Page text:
The definition was not affected by the 2019 redefinition of SI base units;[17][18][3] that is, 1 u in the SI is still 1/12 of the mass of a carbon-12 atom, a quantity that must be determined experimentally. However, the definition of the mole was changed to be "exactly N particles", where N, Avogadro's number, was redefined to be exactly 6.02214076×1023; and the definition of the kilogram was changed too. As a consequence, the molar mass constant is no longer exactly 1 g/mol, meaning that the mass of one mole of any substance, in grams, is no longer numerically equal to its molecular weight, in unified atomic mass units. In particular, the mass of one mole of atoms of carbon-12 is no longer exactly 12 grams by definition, but exactly 12N u; whose value in grams must be determined experimentally.[19][20] However, the difference (3.5×10−10 in relative terms, as determined from the 2018 CODATA value[21]) is insignificant for practical purposes.

As of the redefinition, the relative uncertainty of the atomic mass unit is 3.0×10−10[5], which is almost entirely due to the uncertainty in the fine-structure constant.[citation needed]

The daltonEdit

In 1993, the IUPAC proposed the shorter name "dalton" (with symbol "Da") for the unified atomic mass unit.[22][23] As with other unit names such as watt and newton, "dalton" is not capitalized in English, but its symbol, "Da", is capitalized. The name was endorsed by the International Union of Pure and Applied Physics (IUPAP) in 2005.[24]

In 2003 the name was recommended to the BIPM by the Consultative Committee for Units, part of the CIPM, as it "is shorter and works better with [the SI] prefixes".[25] In 2006, the BIPM included the dalton in its 8th edition of the formal definition of SI.[26] The name was also listed as an alternative to "unified atomic mass unit" by the International Organization for Standardization in 2009.[27][28] It is now recommended by several scientific publishers,[29] and some of them consider "atomic mass unit" and "amu" deprecated.[30] In 2019, the BIPM retained the dalton in its 9th edition of the formal definition of SI while dropping the unified atomic mass unit from its table of non-SI units accepted for use with the SI.[3]

New proposalEdit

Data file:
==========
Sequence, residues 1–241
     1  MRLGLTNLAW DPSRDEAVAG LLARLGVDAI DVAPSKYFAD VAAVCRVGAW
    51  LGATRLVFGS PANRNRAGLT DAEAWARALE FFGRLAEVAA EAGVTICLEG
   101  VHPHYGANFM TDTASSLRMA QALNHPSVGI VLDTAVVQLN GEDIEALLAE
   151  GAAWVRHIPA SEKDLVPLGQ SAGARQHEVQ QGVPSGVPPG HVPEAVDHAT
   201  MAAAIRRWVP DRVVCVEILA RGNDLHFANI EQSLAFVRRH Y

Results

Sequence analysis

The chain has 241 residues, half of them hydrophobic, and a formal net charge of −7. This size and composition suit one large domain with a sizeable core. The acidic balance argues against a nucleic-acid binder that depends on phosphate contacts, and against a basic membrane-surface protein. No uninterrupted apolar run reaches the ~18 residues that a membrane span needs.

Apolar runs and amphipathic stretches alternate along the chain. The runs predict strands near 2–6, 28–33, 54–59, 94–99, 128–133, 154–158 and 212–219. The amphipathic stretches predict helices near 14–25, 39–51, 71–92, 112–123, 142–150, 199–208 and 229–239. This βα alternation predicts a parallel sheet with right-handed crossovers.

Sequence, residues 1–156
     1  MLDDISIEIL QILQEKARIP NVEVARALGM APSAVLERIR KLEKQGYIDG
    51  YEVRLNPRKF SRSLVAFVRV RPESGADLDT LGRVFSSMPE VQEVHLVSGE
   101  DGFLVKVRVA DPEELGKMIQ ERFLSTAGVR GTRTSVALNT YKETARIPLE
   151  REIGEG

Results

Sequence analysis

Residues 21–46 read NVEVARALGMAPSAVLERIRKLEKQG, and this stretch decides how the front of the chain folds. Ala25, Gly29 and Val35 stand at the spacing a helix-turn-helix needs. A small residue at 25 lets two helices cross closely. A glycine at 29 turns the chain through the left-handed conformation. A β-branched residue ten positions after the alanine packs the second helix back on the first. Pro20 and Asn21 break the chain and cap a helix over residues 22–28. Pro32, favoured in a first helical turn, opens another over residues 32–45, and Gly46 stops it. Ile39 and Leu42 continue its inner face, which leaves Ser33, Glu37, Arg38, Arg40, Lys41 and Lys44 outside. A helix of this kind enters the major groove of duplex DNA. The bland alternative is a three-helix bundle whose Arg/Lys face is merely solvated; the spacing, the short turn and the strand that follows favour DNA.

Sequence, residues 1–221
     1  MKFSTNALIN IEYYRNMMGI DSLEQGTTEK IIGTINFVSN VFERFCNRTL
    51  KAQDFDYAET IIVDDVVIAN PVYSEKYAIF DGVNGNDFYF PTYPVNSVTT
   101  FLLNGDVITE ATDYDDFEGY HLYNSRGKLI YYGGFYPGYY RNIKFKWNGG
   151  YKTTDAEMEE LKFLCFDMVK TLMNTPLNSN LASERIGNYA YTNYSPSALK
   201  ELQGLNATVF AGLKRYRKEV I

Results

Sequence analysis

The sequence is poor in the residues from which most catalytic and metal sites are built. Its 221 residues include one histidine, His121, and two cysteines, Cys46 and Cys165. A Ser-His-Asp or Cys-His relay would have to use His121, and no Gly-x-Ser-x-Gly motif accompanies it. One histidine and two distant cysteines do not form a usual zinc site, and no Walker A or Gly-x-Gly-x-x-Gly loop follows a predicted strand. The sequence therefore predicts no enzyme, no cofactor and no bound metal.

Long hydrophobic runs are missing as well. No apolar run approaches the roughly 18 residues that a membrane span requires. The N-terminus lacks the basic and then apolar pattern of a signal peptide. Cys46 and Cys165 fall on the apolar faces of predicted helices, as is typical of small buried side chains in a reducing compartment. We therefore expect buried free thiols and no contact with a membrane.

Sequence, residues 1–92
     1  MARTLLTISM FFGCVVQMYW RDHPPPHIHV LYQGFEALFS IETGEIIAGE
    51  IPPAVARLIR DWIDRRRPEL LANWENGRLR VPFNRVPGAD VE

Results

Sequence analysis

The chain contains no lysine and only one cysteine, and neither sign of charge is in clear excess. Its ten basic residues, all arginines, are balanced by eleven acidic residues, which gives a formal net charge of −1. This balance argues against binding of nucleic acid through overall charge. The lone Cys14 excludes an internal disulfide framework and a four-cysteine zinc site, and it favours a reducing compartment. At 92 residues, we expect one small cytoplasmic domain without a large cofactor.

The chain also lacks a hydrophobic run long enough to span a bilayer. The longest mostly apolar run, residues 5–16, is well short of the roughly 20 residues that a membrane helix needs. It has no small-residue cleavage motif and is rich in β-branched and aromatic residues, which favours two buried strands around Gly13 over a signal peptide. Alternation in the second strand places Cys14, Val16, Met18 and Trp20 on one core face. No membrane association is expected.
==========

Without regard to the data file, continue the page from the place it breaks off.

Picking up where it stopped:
A proposal was made in 2012 to redefine the dalton (and presumably the unified atomic mass unit) as being 1/N grams, thereby breaking the link with 12C. This would imply changes in the atomic masses of all elements, when expressed in daltons; but the change would be too small to have practical effects.[31]

Legal implicationsEdit

The US Supreme Court established a legal precedent of appellate law in a case (Teva Pharmaceuticals v. Sandoz) that hinged upon the interpretation of the term "molecular weight".[32]

MeasurementEdit

Although relative atomic masses are defined for neutral atoms, they are measured (by mass spectrometry) for ions: hence, the measured values must be correct for the mass of the electrons that were removed to form the ions, and also for the mass equivalent of the electron binding energy, Eb/muc2. The total binding energy of the six electrons in a carbon-12 atom is 1030.1089 eV = 1.650 4163×10−16 J: Eb/muc2 = 1.105 8674×10−6, or about one part in 10 million of the mass of the atom.[33]

Josef LoschmidtEdit

 
Josef Loschmidt

A reasonably accurate value of the atomic mass unit was first obtained indirectly by Josef Loschmidt in 1865, by estimating the number of particles in a given volume of gas.[34]

Jean PerrinEdit

Until May 20, 2019, the Avogadro number N was defined as the number of atoms in k grams of a reference element (oxygen or carbon-12) whose atoms had, by definition, k atomic mass units. Therefore, experiments that aimed to determine of N were essentially determinations of the atomic mass unit. Perrin himself estimated the Avogadro number by a variety of methods, at the turn of the 20th century. He was awarded the 1926 Nobel Prize in Physics, largely for this work.[35]